Posts Tagged ‘photography’

More from Ultima Thule.

thule windows

thule abstract

 

Send good vibes my way: this is my last week with students and I am crawling to the finish line. Oh, for but a teaspoon of the adrenaline that fueled my first three weeks! 

Moving out of El Dorado and down the road a piece…more of that snow and sky duet with a knock-down beautiful fence cutting across an otherwise naked field.

fence1

A couple of things: click on the picture for a larger view. This is practically a thumbnail and as such, simply doesn’t do the scene justice.  Also, the white (-ish) background does get lost in the blog theme background colors.

I did multiple shots of the fence–both long and individual sections– and as I play with/edit those, I’ll post. They are minimalist paintings. Question: Why did I not wait till I had worked them all to my satisfaction and then publish a series?  Well, honestly, I couldn’t because I really really like this one and my Delayed Gratification wiring seems to be malfunctioning. 

Seriously. This happens to me a lot. When you get older, stuff wears out.

Wisconsin on Wednesday

A quick tour of the backyard around 2:00 and then it was back inside to the fireplace.

storm3

storm1

storm2

storm5

Holy cow! Always vigilant for feral dogs and mud swallows, I stumble upon a feral fence and live to tell the story!

Early Monday morning, post-dawnish:

Fog/gray/heavy wet air/lots of new wet snow.  It seemed a fine idea to see what that combination looked like over in the fields behind the church.

Yet…I was reluctant to go exploring in those beautiful fog-softened snow-covered acres.  At the top of my questions/concerns list was Do I really really feel a deep-seated need to go crawling around in the moist-ish snow and get all cold and soggy?

Not one to be hasty about these things, I did brew a pot of coffee and lingered a long while over that first cup while I mulled the issue. Other questions naturally followed: Where were my good wool socks? Which boots should I wear? What are the chances I can lose 5 pounds before I leave for Florida?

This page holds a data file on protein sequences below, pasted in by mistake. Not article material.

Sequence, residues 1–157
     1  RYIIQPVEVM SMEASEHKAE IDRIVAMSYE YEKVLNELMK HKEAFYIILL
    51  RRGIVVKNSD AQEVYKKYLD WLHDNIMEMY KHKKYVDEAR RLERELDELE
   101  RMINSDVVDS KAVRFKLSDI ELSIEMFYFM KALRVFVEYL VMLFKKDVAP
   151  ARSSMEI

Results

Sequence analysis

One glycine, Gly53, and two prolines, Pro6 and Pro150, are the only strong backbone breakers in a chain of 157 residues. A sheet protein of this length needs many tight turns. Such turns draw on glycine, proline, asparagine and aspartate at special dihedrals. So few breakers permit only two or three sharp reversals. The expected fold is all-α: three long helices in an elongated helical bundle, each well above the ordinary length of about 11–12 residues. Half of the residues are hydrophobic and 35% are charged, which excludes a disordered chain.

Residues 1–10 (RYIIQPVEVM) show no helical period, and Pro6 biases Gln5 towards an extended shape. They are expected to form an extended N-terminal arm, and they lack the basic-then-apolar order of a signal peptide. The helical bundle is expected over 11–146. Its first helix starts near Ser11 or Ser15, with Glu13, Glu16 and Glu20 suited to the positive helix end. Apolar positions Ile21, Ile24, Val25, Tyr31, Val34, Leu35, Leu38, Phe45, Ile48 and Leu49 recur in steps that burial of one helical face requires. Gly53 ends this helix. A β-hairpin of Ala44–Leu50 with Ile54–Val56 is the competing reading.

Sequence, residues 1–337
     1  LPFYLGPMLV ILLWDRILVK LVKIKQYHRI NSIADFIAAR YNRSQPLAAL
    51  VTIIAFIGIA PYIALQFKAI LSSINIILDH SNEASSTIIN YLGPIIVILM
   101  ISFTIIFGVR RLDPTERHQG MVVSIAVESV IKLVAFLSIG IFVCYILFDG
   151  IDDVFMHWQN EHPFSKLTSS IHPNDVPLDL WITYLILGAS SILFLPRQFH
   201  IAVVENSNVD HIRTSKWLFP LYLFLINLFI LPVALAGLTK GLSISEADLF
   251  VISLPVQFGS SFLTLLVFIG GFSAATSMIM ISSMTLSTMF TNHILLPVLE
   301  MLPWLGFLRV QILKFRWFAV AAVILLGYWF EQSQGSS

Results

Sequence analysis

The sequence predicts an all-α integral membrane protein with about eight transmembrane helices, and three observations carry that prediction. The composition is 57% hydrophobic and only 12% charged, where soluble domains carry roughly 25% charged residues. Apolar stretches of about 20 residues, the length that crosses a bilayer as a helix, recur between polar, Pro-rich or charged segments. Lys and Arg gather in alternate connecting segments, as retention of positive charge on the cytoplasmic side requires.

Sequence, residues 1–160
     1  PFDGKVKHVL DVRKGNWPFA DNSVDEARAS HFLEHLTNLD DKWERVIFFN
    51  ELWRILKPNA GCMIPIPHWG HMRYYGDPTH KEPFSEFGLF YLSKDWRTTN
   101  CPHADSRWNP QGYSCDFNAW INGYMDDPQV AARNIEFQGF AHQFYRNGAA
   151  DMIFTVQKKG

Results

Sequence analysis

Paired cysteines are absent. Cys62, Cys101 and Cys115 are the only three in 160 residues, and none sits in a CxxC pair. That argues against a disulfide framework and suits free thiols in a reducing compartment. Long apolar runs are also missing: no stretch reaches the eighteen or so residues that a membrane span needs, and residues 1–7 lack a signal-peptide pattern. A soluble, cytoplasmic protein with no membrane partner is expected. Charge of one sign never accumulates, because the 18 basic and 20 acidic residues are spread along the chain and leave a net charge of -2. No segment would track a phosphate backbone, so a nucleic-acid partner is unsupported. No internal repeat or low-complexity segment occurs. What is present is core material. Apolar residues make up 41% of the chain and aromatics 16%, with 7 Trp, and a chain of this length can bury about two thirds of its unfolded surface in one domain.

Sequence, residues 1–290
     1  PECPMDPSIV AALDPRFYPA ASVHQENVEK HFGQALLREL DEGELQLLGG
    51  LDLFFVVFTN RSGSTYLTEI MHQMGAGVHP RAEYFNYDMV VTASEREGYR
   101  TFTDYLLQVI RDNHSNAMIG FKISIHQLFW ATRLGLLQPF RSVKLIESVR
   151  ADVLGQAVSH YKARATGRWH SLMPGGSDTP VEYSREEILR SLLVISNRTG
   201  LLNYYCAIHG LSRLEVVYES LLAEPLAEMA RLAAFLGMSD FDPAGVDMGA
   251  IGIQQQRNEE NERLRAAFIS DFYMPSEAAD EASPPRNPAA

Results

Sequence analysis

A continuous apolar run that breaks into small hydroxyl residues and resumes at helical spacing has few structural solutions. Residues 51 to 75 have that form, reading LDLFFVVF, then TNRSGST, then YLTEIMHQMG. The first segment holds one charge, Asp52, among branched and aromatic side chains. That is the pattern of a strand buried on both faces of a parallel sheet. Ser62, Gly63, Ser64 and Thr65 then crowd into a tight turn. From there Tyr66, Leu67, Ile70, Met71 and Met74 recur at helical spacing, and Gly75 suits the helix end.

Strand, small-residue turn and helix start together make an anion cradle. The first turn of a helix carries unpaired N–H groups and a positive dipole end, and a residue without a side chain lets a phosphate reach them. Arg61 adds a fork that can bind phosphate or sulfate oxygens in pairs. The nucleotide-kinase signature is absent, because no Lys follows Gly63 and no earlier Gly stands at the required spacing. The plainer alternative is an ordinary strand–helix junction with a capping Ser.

When nothing else came up that could divert me from leaving the house, I walked down the hill to the land belonging to the Sisters of St Francis.  I wandered a little deeper than usual into the fields and was rewarded by finding a fence which had enthusiastically gone native. (Think Fence Version of Marlon Brando in Apocalypse Now!)

20130128_Orchard Fenceedit_1382 as Smart Object-1!

20130128_Orchard Fenceedit_1383 as Smart Object-1

I’ve finished each of these shots just a little differently because each seemed to ask for slightly different handling.

20130128_Orchard Fenceedit_1406 as Smart Object-1

.

20130128_Orchard Fenceedit_1392 as Smart Object-1

I was out for maybe an hour. The fields were beautiful, the fence was a treasure and wet wasn’t a problem, not with good wool socks and the right boots.

***  **   ***

Beauty is twice beauty

and what is good is doubly good

when it is a matter of two socks

made of wool in winter.

Pablo Neruda

bw tree linesized

To me, the whole reason for being a photographer is to tell stories, either the ones that are in my head or the ones that spring from what I see.  In doing so, I also want to offer canvas to a viewer to tell his or her own story.

I took these pictures nearly a year ago. I like them. They’re not Art with a capital A, but they’re interesting.  If I could remember where I took these shots, I’d go back and work at achieving much better composition. What bothers me is that no matter how often I’ve tried, I am absolutely unable to weave a narrative to go with the visuals.

20120217_2891 as Smart Object-1

Is there a story here? Yes…

20120217_2872 as Smart Object-1

Do I know what it is? No…

20120217_2881 as Smart Object-1

Can I make something up?

20120217_2873 as Smart Object-1

Apparently not.

I became a Boxcar Children fan when I was seven years old. The series, which has hypnotized young readers since 1924, follows the adventures of four clever and resourceful orphans who set up their new domicile in a…wait for it…wait for it…abandoned boxcar!

As with many series characters, the kids seemed to tread water in terms of aging no matter how many mysteries they solved. (In this, they have much in common with Sue Grafton’s Kinsey Millhone who has been in her mid-thirties for nearly three decades.) I imagine that if/when they finally did get all grown-up and successful, they probably brought some emotional baggage along from their boxcar days.

Baggage such as demanding, for the rest of their lives, that any house they occupied, great or small, have doors that look like this:

train door

20121004_Marinette_8713 as sizedunfilteredSmart Object-1

Abandoned boxcars, Pembine. I rapped on the doors, but the kids were out.